GL#8: What the General Election means for landlords, with guest, David Smith


With the fall of the Renters Reform Bill, and the upcoming general election, Richard Jackson and Suzanne Smith pick the brain of leading solicitor David Smith from JMW to explore what the election is likely to mean for landlords in England.

In this episode we discuss what happens to the Renters Reform Bill now, and analyse what a new Labour or Conservative government might bring for landlords. We step away from the hyperbole and catastrophising, and take an objective look at what we currently know about the policies of both Labour and the Conservatives.

As always, we bring the practical perspective of landlords, and share tips on what we’re doing to filter out all the noise that an election brings.

We recorded this episode on 24 May 2024, shortly before parliament was prorogued ahead of the General Election on 4 July, before any of the parties have published their election manifesto.

With this episode, we reached a big milestone: episode number 10! We’ve released 8 regular episodes and 2 on the Renters Reform Bill since we launched Good Landlording on 10 April, less than 7 weeks ago. We’ve also had well over 10,000 downloads, before this episode goes live! That’s a fantastic achievement for a new show, run by podcast newbies.

sign with polling station on railings in front of red brick building

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What happened to the Renters Reform Bill?

The government abandoned the Renters Reform Bill in the brief wash-up period on 24 May when a few bills managed to be rushed through the House of Lords, like the Leasehold and Freehold Reform Bill.

As the Renters Reform Bill fell, any new government would need to draft a new bill from scratch, with a new long title, if they want to pursue rental reform after the election.

Of course, some of it would no doubt look the same, but a new Bill would have to start all over again to go through all of its stages  in the Commons and Lords, which would take several months. 

>> Blog post: The Independent Landlord – Renters Reform Bill: What happens now?

What we know about Labour’s policies for the Private Rented Sector

Labour has not yet published their manifesto. However, David Smith predicts the following might feature in Labour’s policies for landlords should they win the general election and form a government:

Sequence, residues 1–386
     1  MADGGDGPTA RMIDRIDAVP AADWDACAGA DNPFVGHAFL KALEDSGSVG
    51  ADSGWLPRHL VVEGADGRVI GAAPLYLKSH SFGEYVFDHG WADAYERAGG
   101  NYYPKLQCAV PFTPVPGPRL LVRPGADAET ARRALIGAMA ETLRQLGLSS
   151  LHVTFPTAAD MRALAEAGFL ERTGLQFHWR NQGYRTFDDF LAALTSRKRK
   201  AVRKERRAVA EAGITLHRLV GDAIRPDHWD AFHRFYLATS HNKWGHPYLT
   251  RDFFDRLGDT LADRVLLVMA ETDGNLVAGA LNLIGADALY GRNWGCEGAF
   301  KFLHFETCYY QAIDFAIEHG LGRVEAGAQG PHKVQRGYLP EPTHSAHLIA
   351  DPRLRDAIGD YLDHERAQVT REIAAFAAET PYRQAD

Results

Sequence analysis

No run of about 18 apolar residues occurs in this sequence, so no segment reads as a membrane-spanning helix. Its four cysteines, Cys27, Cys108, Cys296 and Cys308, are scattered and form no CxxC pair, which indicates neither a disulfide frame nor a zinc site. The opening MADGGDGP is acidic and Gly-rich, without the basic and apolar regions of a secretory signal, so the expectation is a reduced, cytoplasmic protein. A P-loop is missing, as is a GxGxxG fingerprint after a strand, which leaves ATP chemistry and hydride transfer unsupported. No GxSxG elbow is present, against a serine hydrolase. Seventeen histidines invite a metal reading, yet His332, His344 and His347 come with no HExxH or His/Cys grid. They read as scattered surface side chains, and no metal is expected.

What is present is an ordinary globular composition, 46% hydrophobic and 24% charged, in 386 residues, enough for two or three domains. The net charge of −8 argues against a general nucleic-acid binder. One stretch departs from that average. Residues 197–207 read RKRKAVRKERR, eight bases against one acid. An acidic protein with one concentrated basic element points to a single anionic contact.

• Abolition of Section 21 and fixed term tenancies, but with a few additional grounds for landlords to terminate a tenancy, for instance if they want to sell, or it’s a tenancy for agricultural workers.
  • Regulation of letting agents and other property agents.
  • Some sort of rent stabilisation measures, as opposed to rent control. He does not see this as a bad thing for landlords as they would move to yearly increases in line with inflation, instead of just increasing rents when tenants change.
  • Increased devolution of housing powers to local authorities.
  • More regulation around management standards and quality, along the lines of Rent Smart Wales, which would bring more consistency than the piecemeal the current selective licensing approach.
  • Landlord register.
  • Better enforcement by local authorities.

>> Blog post: The Independent Landlord – What are Labour’s policies for the Private Rented Sector?

What if the Conservatives win the election?

David Smith predicts that the Conservatives would not bring forward another Renters Reform Bill should they win the election. The driving force behind the Bill, Michael Gove, has stood down, along with many of the more moderate Conservative MPs.

We will need to wait for their election manifesto to be certain.

Advice for landlords in this period of uncertainty before the General Election

Landlords are entering a period of increased uncertainty with the upcoming General Election. As there isn’t enough time for landlords to sell before 4 July, landlords will need to see it out.

The advice is for landlords to focus on the day job, looking after their tenants and their properties. Rental demand is still high, and the fundamentals are good. Try not to get distracted by all the nay-sayers who predict impending doom.

In the meantime, we’ll keep bringing balanced, reliable content to landlords and the wider private rented sector.

>> Blog post: The Independent Landlord – What the General Election means for the Private Rented Sector

Credits

Music: “Paradise found” by Kevin MacLeod of Incompetech. Licensed under Creative Commons by Attribution 4.0 licence.

What the general election means for landlords with a photo of a polling station

3 thoughts on “GL#8: What the General Election means for landlords, with guest, David Smith”

  1. Great podcast. David has really given me back confidence in my views on the rental market. i.e Stick with it as it is a long term business. Very interesting to hear about the human rights act to support my right to sell.
    Going to be very interesting to hear all your views on the manifestos.

  2. The key take aways remain:
    1. Be incredibly picky on Tenact Select
    2. Set the rent at top end of going Market rate at the start of the TA.
    3. Increase rents every year, even if only by a small increase to “normalise” the process
    4. Do not over leverage yourself
    5. Run it as a professional Business (not a side hustle) and be air tight on compliance, legislation and administration.

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